The Oman coastline is beautiful. The sheer sandstone cliffs with tortured strata make for awe inspiring scenery.

Oman Cliffs showing sedimentary strata

I have to say the Oman dive vacations start was not great. The mini-bus driver who came to fetch us didn’t know the way to the airport to collect the remainder of the group who had flown in to Dubai from France, so we spent a frustrating hour or so trying to give directions to he and his co-driver – which was a bit much considering we had only been in Dubai a couple of times previously and hardly knew our way around! The frustrating part was the fact that they wouldn't listen and we had to watch the off-ramp for the airport go past at least three times before they listened to us and took it!

Once we had collected our fellow scuba divers, we were on our way at one a.m., this was really only a little later than we had expected. Things settled down and we took about three hours to drive from Dubai to the little coastal town of Al Dibba in Oman.

The border post consisted of two or three policemen who had a cursory glance at our passports and waved us through.

Al Dibba Harbour showing the Red Dhow

The harbour at Al Dibba smelled ripe to say the least, so when we eventually got on board the Red Dhow and headed off to sea, it was a bit of a relief! I suppose with the trying start to the journey, then arriving in the early hours of the morning, the adventure diving scuba vacation part of all this was wearing a bit thin!

The Red Dhow is a modern boat with the same profile as the traditional Arabic boat, but that’s about where the traditional bit stops, the boat is fairly modern, quite basic but comfortable and plenty of room to relax on the decks and upper deck area.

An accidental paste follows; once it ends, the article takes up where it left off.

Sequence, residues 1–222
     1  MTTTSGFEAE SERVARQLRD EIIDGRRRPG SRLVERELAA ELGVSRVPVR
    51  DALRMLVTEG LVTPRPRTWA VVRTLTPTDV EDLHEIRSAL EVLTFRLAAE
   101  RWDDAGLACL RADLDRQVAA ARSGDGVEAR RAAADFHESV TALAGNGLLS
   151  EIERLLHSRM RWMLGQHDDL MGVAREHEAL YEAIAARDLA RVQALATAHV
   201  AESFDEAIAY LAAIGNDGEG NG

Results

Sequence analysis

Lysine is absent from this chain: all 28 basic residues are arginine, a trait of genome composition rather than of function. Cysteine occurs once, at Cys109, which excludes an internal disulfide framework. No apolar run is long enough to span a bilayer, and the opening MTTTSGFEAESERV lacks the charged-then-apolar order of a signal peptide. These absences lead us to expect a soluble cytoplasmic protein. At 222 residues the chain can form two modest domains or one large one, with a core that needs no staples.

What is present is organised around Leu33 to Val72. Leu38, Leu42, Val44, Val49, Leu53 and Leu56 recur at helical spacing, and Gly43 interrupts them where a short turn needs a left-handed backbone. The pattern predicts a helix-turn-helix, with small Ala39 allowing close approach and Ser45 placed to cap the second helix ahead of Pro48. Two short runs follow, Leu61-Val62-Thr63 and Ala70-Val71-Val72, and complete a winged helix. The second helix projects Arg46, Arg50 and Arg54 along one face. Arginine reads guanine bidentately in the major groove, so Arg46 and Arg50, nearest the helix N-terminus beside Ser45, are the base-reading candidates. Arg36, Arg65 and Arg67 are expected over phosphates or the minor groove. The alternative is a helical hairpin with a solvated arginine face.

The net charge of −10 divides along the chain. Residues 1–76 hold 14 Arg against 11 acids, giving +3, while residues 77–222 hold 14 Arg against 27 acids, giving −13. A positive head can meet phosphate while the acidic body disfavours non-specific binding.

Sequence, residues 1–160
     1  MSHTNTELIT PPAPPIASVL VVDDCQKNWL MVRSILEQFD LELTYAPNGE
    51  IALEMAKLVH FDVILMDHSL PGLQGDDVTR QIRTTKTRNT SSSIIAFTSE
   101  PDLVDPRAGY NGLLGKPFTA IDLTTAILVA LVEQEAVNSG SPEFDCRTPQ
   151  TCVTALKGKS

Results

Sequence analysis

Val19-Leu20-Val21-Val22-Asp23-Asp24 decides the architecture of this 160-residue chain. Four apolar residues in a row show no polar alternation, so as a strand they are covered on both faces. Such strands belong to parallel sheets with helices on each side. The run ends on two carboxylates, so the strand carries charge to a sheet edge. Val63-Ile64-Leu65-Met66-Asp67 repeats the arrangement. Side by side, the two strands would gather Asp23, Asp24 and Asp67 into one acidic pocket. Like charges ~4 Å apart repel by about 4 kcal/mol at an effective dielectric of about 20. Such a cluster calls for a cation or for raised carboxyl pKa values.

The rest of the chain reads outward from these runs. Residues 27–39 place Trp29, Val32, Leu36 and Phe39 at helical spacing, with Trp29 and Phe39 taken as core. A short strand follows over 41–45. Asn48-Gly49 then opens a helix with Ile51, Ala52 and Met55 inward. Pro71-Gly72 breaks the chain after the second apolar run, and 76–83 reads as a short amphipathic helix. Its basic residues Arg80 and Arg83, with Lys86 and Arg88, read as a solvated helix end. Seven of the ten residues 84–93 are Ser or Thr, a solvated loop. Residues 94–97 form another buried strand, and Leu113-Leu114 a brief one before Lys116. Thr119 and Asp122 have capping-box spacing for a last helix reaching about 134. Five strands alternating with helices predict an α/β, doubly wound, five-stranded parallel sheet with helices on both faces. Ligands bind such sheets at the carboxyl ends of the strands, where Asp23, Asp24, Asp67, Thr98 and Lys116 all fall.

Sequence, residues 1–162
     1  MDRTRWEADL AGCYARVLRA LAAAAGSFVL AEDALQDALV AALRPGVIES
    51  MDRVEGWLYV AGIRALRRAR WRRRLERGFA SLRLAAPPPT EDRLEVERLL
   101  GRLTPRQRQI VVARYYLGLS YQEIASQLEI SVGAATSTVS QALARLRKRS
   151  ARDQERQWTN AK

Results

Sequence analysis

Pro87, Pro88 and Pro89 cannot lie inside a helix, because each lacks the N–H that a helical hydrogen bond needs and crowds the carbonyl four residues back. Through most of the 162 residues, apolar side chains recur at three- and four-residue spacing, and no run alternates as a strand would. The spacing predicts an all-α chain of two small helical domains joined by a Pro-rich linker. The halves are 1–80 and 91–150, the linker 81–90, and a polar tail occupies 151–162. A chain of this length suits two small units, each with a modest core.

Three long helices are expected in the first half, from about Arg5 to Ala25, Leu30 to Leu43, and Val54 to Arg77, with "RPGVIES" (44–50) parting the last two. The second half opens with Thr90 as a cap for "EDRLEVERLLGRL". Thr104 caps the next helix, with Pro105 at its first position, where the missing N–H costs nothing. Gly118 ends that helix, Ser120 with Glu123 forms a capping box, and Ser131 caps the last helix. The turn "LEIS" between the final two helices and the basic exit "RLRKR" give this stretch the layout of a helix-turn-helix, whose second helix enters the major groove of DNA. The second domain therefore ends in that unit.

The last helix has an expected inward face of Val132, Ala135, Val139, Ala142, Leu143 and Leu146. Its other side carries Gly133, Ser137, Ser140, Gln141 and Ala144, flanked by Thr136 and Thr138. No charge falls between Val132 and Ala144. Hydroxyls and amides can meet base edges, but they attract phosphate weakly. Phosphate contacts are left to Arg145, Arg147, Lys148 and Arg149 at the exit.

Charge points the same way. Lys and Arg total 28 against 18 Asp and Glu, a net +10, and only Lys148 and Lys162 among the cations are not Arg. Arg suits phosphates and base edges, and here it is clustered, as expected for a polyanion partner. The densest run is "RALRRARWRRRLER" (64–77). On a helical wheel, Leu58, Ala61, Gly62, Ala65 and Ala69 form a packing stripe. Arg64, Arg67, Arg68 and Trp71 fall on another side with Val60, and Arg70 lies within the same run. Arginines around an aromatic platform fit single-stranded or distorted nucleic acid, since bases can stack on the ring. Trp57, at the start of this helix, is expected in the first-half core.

Mountains of Musandam Peninsula






The dive location we were going to be scuba diving around is called the Musandam Peninsula.


Musandam Sunset Oman
The desolate loneliness of the landscape was something to see and more than made up for the irritations we experienced in the early part of the trip – the crew themselves were great and also did a good job of looking after us. They were very pleasant as well as unobtrusive. Once we had got on our way out to sea, the scuba vacation started and we began to relax.

The food on the liveaboard was very good and there was plenty of it so putting on weight was something to worry about when I got home, I certainly didn’t give it a minute's thought while we were there. The beer was probably a factor as well………..

We were all quite surprised at how cool the air was, and the first dive was even more of a shock – barely 20º Celcius, luckily I had done a little research on the internet prior to setting off from home and had brought a 5mm wetsuit with hoodie and a skin so was fairly ‘toasty’.

I ended up being persuaded to pass my hoodie to one of my friends as he hadn’t been as clever as me, and had brought a 3mm wetsuit so was whining continually about how cold he was! He doesn’t realise how much he owes me….

Fusillier fish